The new technique has been invented by Brian Willis, an associate professor of chemical and biomolecular engineering at the University of Connecticut and the former director of UConn’s Chemical Engineering Program. He explored the so called rectennas, or nano-antennas, which in theory could harvest more than 70% of the sun’s electromagnetic energy, but in practice scientists have still not developed the needed technology.
The main reason behind this is that these rectennas must be able to operate at the speed of visible light and their core pair of electrodes should not be more that 1-2 nanometers apart. The latter is particularly important because it creates an ultra-fast tunnel junction between the two electrodes and allows a maximum transfer of electricity.
Professor Willis developed a ground-breaking technique, called selective area atomic layer deposition (ALD). Here, the two interior electrodes have sharp tips, which are placed at the needed distance. Such space was not achievable before the ALD technique was developed. Willis demonstrated that he could now coat the tips of the rectenna with layers of copper atoms until the desired distance is made.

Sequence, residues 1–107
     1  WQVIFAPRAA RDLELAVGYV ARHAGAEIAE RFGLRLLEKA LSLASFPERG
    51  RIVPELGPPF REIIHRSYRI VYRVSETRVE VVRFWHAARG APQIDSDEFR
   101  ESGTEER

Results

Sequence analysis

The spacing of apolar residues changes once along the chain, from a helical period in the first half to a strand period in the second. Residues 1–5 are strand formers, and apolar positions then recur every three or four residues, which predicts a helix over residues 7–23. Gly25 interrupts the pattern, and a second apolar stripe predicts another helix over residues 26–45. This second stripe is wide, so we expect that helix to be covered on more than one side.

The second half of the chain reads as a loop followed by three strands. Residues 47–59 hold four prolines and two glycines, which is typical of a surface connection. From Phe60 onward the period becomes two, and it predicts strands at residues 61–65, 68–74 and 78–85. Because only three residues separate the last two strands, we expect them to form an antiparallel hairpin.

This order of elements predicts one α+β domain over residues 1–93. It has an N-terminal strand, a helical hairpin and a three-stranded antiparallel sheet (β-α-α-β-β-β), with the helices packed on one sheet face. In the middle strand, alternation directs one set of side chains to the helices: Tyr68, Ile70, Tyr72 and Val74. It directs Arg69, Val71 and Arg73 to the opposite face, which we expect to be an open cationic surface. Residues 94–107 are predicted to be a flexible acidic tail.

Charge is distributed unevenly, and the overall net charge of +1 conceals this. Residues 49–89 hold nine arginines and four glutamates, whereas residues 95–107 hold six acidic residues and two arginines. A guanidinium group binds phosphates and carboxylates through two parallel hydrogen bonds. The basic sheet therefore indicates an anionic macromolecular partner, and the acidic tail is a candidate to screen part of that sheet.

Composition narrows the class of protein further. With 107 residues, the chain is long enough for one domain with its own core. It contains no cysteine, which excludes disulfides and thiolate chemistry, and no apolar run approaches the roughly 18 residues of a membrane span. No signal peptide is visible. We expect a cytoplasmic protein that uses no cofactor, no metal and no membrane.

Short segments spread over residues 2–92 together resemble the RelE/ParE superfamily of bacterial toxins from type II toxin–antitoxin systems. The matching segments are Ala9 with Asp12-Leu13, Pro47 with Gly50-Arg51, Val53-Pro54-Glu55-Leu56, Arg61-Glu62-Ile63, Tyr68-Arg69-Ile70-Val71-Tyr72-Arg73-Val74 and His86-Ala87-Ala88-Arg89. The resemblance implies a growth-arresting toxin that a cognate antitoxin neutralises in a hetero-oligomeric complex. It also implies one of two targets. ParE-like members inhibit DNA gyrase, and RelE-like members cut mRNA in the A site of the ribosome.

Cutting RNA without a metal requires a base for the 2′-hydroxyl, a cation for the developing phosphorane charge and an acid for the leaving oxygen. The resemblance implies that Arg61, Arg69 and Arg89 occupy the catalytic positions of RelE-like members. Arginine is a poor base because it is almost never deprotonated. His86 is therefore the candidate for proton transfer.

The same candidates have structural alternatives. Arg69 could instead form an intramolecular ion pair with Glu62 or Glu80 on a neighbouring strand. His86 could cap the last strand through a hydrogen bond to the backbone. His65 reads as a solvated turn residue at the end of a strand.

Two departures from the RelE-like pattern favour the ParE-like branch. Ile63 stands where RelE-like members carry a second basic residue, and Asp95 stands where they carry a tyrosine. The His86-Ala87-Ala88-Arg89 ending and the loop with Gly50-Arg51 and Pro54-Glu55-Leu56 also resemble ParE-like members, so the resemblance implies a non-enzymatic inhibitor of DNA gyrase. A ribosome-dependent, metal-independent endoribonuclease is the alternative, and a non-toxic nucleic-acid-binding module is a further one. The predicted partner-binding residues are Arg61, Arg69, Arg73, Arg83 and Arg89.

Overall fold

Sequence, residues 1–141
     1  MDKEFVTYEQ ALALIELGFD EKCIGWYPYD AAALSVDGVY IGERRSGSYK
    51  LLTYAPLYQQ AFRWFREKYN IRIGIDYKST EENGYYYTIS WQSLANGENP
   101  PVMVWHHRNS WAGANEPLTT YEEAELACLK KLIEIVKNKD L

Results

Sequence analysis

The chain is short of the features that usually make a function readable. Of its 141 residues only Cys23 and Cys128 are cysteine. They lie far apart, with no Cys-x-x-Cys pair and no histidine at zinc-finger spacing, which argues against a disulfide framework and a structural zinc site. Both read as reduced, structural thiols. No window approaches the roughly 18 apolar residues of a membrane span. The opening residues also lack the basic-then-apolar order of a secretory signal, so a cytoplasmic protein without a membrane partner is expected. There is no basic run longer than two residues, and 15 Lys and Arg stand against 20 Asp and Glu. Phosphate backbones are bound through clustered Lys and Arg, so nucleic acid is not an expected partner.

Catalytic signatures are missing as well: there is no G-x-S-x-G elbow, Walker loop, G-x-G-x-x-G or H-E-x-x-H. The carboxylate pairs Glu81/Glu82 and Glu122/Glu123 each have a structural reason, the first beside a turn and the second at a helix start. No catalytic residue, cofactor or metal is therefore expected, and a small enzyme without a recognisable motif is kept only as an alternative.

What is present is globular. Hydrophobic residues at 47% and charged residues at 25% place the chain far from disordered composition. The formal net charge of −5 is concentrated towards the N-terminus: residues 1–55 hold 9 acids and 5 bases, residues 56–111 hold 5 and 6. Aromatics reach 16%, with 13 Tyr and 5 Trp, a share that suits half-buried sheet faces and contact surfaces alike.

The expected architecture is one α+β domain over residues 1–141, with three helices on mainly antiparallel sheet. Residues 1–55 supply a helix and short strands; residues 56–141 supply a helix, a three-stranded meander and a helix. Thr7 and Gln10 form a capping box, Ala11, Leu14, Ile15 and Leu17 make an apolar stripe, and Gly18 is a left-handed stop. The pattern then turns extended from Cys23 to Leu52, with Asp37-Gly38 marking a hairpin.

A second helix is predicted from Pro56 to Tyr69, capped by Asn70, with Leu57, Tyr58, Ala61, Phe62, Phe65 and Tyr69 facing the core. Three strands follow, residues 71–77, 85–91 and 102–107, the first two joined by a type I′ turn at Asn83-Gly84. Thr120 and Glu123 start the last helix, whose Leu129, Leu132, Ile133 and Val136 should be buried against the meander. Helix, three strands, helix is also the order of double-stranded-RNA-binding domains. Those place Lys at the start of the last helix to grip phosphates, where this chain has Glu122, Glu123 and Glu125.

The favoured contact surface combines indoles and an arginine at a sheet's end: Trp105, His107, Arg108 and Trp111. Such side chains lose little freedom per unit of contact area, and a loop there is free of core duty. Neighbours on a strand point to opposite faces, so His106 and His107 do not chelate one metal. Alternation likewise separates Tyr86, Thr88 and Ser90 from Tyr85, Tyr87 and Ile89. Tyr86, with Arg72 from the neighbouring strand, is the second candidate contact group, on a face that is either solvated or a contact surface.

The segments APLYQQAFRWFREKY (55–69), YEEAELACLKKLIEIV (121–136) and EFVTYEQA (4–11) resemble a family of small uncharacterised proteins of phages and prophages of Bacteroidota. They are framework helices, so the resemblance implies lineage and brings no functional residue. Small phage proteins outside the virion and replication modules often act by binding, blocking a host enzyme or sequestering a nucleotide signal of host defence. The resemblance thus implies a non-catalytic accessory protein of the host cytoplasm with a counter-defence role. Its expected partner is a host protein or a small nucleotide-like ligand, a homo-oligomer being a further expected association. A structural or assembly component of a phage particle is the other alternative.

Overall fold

Made this way, the rectennas could convert solar radiation in the infrared region through the short wavelengths of the visible light. In addition, the rectenna device does not depend on a band gap, which means that it could harvest light throughout the whole spectrum.
The invention won the team of scientists at Penn State Altoona- led by physics professor Darin Zimmerman, together with professor Willis, a grant of $650,000 for the next three years from the National Science Foundation.
According to the scientists, this solar power conversion device could potentially create a revolution in green solar power technology, increasing the efficiency and reducing the cost.
ALD is a completely innovative process and as Zimmerman states it would also help understanding the physical processes behind the devices. The process is simple and very easy to reproduce. It is also applicable and could improve other areas too including current photovoltaics, thermoelectrics, infrared sensing, chemical sensors and more.
The aim for the next three years is to have a working prototype of a rectenna so that they can begin testing the efficiency.